Starting January, 2010, the U.S. Environmental Protection Agency (EPA) will require all engine manufacturers to produce engines that meet the 2010 near-zero emissions criteria, which includes emissions of no more than .2 grams nitrogen oxide (NOx) and .01 grams particulate matter. Columbus, Ind.-based Cummins Inc. has updated and customized its engines to meet these new standards — without losing fuel efficiency or performance — by integrating subsystems.
Cummins displayed these newly tailored ISB Hybrid and ISL Diesel engines as well as its ISL G gas product at the APTA EXPO in San Diego. Cummins’ Tom Hodek, general manager, worldwide bus business, says that the company has made some reliability and efficiency improvements to the engines — mostly internal — without any architectural changes. “It’s the 2007 system plus a Selective Catalytic Reduction (SCR) system. It’s not a big tear-up and redesign. We’re taking the reliability from 2007 and improving upon it for 2010, and [will continue to] improve upon it from there.”
In order to adjust to the 2010 near-zero-emission standard criteria, engine manufacturers have had to change from allowing about four grams of nitrous oxide (NOx) and .1 gram particulate matter in emissions in 1998, down to .2 grams of NOx and .01 grams of particulate matter in 2010.
“The emissions reductions are substantial. We’ve had to meet these hurdles about every three years now. So, the investment in the technology, the effort we’ve had to put forth, the development curve we’ve been on is very steep. We’ve been able to manage to retain that advantage primarily due to the integration of all the subsystems,” Hodek says.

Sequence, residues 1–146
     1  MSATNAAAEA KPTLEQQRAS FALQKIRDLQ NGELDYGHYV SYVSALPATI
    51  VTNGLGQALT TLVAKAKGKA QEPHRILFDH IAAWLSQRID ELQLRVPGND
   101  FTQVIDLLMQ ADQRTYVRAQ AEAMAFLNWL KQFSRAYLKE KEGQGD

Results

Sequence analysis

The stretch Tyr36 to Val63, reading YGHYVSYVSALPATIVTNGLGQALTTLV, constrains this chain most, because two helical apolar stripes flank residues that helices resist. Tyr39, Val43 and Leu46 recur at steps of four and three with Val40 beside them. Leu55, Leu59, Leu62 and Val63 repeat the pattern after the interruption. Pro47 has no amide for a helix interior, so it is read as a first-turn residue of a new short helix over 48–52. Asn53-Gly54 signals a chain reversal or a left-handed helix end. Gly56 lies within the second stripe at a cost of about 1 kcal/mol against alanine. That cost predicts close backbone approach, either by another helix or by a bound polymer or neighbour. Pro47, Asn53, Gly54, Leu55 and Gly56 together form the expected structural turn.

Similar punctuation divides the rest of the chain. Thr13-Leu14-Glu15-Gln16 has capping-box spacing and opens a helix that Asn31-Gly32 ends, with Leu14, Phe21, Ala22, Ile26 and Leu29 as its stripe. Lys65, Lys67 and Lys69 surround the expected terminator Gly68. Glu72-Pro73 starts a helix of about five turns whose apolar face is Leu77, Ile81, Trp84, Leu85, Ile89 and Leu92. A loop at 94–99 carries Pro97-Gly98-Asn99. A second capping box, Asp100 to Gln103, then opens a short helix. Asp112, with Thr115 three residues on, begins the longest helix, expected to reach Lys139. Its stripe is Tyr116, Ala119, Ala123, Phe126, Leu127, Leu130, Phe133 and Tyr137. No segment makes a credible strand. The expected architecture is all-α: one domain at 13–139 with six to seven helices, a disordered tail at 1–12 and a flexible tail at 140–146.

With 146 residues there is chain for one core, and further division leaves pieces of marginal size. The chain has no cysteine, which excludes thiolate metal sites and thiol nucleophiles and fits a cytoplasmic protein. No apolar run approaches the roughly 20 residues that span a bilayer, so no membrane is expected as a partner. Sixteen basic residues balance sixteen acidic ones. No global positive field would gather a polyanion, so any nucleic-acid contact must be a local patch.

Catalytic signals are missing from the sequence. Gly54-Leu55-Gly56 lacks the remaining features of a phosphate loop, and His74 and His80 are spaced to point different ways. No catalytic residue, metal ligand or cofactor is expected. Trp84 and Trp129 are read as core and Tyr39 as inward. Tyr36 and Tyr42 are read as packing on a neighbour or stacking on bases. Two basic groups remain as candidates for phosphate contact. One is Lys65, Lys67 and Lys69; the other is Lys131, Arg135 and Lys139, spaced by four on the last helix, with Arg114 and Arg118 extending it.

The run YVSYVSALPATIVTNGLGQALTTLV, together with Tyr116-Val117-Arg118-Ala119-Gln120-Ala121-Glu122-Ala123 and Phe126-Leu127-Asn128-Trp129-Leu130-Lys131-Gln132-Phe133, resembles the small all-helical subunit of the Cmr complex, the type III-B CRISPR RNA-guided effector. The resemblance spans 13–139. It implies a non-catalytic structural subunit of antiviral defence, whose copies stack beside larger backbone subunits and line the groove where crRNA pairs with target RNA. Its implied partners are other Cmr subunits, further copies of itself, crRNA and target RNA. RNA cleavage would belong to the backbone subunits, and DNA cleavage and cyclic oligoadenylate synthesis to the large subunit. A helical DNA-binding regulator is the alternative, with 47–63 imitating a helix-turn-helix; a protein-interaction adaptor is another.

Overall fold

Engine efficiency improved
The ISB Hybrid engine, used with hybrid technologies in the BAE- and Allison-equipped buses on display, was part of technology that allows the hybrid system to recover braking energy, which can be used to drive the bus. The ISB Hybrid is a diesel engine, just like the ISL diesel, and they both operate like diesel engines. However, the ISB Hybrid engine has been tailored in its calibration and electronic controls to work more efficiently with a hybrid system, as opposed to a standard automatic or manual transmission. “We work with hybrid manufacturers, including BAE, Allison and Eaton, and have adapted our engines to work efficiently with their systems,” Hodek says.
The ISL, a diesel product, is Cummins’ highest-volume product right now for transit buses. It will be available in 2010 with its current horsepower and some hybrid ratings. Hodek describes it as “a building block emissions change for us, in that we made a lot of changes in 2007 to the engine, and added aftertreatment. In 2010, the engine changes are focused on reliability and efficiency improvements.” The ISL G, a natural gas product, is in production today, and currently meets the 2010 emissions standards. “It’s ahead of its time, so to speak,” he says.
While the EPA may not be taking certifications yet for 2010, if the product could be certified at present, it would meet the standard. The gas product has been well-received in the marketplace and is a much-improved product, according to Hodek, and may be an optimal product for a municipality that has the appropriate infrastructure.
On the SCR system in the new engines, there is an injector that sends diesel exhaust fluid (DEF) into the exhaust stream to clean it and, on that line, will be a filter that the DEF passes through prior to injection. The filter needs to be changed — similar to an oil filter — approximately every 200,000 miles. The hour translation, Hodek estimates, would be about every 5,000 hours of operation. “Given the changing of the system, and the amount of emissions reduction we’re gaining, that maintenance change is negligible,” says Hodek.